Printing, advertising evolution reflects changes in community

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Because Don Pignolet had a truck, he got drawn into Philadelphia Gay News as its second issue printed in February 1976.

Publisher Mark Segal needed someone to drive to Pittsburgh to pick up the papers. Pignolet made the five-hour trek across the Pennsylvania Turnpike once a month to bring 10,000 issues of PGN back to Southeastern Pennsylvania and South Jersey. He used to store the extras in his barn in Bucks County.

By September of that first year, the paper began printing in Philadelphia. Pignolet became a jack-of-all-trades, managing classifieds and other office needs. Forty years later, he said he still enjoys working for PGN, maintaining the newspaper boxes and managing the distribution routes now undertaken by three drivers.

“It didn’t seem like I wanted to do anything else,” Pignolet said. “It never seemed like work.”

Pignolet had a personal connection to the paper’s work. In 1974, he wrote an essay in the former Philadelphia Bulletin in which he called Segal his hero “because he has the courage and vision to stand up for the rights of gay people.” Segal reached out and the two had lunch at the former Day’s Deli at 18th and Spruce streets. They shared a long conversation that served as Pignolet’s entrée into Philadelphia’s gay scene.

As PGN got off the ground, Pignolet helped get the first 15 newspaper boxes ready.

“They were always purple,” he said. “First off, nobody else was using it. Who would paint a news box that color?”

They used auto paint to withstand the outdoor conditions.

The Main Line Times in Montgomery County was the first company to print PGN locally. Pignolet said the September 1976 issues came back wrapped in pink paper. AFL Web Printing in Voorhees, N.J., printed the paper for most of its existence, until the company folded in late 2012. Now the Philadelphia Inquirer prints PGN.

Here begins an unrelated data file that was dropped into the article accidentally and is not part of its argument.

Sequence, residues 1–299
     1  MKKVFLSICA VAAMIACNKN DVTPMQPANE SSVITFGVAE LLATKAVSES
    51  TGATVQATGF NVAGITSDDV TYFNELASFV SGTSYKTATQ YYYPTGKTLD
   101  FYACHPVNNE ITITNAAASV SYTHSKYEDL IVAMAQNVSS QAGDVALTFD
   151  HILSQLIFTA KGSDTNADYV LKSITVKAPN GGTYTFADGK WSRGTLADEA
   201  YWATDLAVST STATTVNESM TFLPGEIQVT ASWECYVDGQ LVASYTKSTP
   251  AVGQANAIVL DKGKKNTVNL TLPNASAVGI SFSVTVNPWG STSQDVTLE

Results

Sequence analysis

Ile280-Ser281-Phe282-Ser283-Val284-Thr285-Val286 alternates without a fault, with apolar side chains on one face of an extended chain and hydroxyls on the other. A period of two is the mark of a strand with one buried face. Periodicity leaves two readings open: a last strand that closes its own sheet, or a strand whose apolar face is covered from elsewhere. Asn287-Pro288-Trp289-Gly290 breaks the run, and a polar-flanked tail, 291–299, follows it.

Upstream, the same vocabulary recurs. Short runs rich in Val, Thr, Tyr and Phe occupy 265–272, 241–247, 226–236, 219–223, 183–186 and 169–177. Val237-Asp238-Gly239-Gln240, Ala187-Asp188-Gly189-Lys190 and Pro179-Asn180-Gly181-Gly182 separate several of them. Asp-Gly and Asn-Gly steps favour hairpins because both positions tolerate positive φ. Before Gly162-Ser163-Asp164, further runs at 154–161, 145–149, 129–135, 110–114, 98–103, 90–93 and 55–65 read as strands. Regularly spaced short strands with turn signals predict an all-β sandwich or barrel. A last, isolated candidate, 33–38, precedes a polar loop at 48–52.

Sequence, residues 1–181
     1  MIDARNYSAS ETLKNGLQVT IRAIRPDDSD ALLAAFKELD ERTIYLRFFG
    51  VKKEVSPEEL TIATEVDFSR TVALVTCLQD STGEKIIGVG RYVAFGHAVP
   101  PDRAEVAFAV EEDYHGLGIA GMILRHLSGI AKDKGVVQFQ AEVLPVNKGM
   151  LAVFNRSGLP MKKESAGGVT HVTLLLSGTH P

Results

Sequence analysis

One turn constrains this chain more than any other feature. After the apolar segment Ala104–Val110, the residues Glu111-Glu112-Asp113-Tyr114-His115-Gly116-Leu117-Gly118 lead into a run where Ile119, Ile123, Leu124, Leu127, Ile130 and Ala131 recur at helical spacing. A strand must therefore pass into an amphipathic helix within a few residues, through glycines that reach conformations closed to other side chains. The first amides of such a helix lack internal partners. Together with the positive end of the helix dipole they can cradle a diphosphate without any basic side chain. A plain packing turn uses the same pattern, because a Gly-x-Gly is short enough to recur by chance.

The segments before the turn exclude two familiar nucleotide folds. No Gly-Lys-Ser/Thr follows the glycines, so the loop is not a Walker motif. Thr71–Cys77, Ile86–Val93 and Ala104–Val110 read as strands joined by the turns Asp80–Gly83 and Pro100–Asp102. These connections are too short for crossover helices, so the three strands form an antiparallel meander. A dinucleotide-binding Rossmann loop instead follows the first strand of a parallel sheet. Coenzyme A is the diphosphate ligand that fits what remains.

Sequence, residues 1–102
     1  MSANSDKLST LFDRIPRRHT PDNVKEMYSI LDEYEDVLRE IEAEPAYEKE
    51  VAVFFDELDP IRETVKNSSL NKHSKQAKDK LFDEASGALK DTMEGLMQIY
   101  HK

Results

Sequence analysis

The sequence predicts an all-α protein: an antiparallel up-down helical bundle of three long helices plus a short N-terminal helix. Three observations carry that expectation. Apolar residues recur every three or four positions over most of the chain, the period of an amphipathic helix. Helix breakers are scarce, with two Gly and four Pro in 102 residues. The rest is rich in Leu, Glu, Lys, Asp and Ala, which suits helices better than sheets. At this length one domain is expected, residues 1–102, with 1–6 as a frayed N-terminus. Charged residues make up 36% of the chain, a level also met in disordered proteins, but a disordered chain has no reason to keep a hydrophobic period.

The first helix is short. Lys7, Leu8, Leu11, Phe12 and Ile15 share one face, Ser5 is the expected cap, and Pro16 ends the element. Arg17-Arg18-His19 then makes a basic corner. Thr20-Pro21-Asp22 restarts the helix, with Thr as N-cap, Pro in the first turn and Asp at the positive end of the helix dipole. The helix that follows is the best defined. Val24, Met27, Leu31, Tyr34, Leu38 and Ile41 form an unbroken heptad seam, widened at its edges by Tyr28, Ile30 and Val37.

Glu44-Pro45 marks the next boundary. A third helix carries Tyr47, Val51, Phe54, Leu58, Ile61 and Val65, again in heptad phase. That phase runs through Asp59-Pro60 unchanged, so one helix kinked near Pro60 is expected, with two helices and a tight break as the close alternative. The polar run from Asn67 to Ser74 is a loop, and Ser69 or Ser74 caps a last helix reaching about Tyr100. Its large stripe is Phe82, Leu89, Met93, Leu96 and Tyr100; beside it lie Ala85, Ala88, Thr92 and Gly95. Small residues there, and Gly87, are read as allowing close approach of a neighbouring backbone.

Almost since the beginning, Pignolet handled classified submissions, mostly personal ads seeking partners for hook-ups. They cost $1.25 per line and were submitted along with a check in the mail.

“It was necessary for the paper,” Pignolet said. “It was half the income of the paper at one point.

“It went on for a long time,” he continued. “If you go back and look through those papers, every one of those ads is real. I never made an ad up. I never had to. It never ceased to amaze me what I found out there. I had one rule when I did the classified ads: I always corrected grammar and spelling and syntax. I was very good at the English language.”

By the late 1980s to early ’90s, the sexual ads started to disappear. Pignolet said it was a joint effort of the AIDS epidemic that made people more cautious and the Internet that made personal ads free on services like Craigslist.

The early 2000s was the last time Pignolet received a classified ad by mail. These days, classifieds come in electronically for real estate, help wanted, travel and guesthouses.

Advertising revenue filled the void left by classifieds largely moving online. Adonis Cinema is PGN’s longest-running advertiser. The adult theater in Rittenhouse ran an ad in the first issue and has advertised consistently, including in this 40th-anniversary issue.

Over the years, Pignolet said he’s seen PGN blossom.

“When we started, nobody had any idea what we were doing,” he said. “It was all seat-of-the-pants learning. It got a lot more professional. The staff got more professional. The product got more professional. The whole approach got more professional.”